Thanks for the example and I agree with your comments – particularly about convenience.
Would these be the numbers for people accessing a shopping cart designed for viewing or use on a desk/lap top?
If so, I think you have given us good examples of:
1. Why web pages for mobiles often need to be very different to desk top pages
2. Mobile web pages usually have different communication functions
The processes of online shopping will need to change for the ordering function to suit the small mobile screen.
Online shops may be using mobile pages for couponing or discounts to promote their sites rather than attempting to make a shopping cart that is user-friendly on small screen.
Example of what people do on their smartphone:
A cemetery website is already receiving 500+ accesses by mobile devices per month. They are most frequently viewing:
1. Directions how to get there
2. Time and location of services.
You can bet that many of these visitors are accessing this site on the way to a funeral. If they are, then their next step could be to switch to their phone’s GPS function to have it speak directions to them.
JohnWAugust 26, 2011 at 5:04 am #1070669SamithMember
- Total posts: 187
Thanks for your comments, to answer your question,
“Would these be the numbers for people accessing a shopping cart designed for viewing or use on a desk/lap top?”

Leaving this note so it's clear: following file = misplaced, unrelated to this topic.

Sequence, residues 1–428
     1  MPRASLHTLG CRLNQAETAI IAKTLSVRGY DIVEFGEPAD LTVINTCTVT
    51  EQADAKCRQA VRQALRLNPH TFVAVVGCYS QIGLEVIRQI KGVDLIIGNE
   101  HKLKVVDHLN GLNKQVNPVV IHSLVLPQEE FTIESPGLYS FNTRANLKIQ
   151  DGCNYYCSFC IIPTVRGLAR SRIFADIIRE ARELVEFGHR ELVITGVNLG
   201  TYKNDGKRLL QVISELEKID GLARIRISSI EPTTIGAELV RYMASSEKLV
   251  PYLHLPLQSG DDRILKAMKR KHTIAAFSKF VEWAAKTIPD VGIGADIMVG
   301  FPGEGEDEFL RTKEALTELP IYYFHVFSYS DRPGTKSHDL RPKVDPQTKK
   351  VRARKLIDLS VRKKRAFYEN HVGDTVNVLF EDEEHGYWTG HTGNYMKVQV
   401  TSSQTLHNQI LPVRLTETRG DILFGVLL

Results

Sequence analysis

The sample is from a local online retail business that switches between 8 different formats to fit to the device you are browsing on. They started looking at mobile traffic about four years ago, before I got involved with them, and the current site is about the 11th version in four years. We keep improving the platform to improve conversions, and go through all kinds of usability tests cos even improving the conversion rate by .5% means a massive revenue increase for them.
SamithAugust 26, 2011 at 5:53 am #1070670fredfarcleMember
::JohnW, post: 88303 wrote:If you think mobile websites is about creating resized versions of web pages you are probably again heading towards the money wasting end of the spectrum.
- Total posts: 181
I think this is a given, you’d just finish up with a mess but a lot of sites just have too much going on anyway, for a small business (like a location based service) that perhaps is only looking for a basic static site, using a considered approach to visual design and copy can still keep it accessible to mobile devices.
I haven’t done the research some have obviously done but I do know I’m getting increasing traffic from mobile devices and I also know some of it is converting to sales.
Again I don’t have the stats but I feel people who are online a lot, say in their work and continually have access to larger screens use the web very differently to the masses, a lot of my day is dealing with people who only go online under sufferance because they need something and the first place they search is on their phone, they may then go to a laptop later to follow up but often don’t bother.
I think the Iphone App developer not wanting a mobile site possibly affirms what I’m on about, most people wanting an App developer are going be comfortable with working and researching online and have constant access to larger screens.August 26, 2011 at 6:58 am #1070671::
Smartphones are not currently a good vehicle if you need large graphics, lots of words or a keyboard. (Two out of three strikes against shopping carts.)
We have advanced all the way forward to 1964 and Marshall McLuhan’s, “the medium is the message” rides again.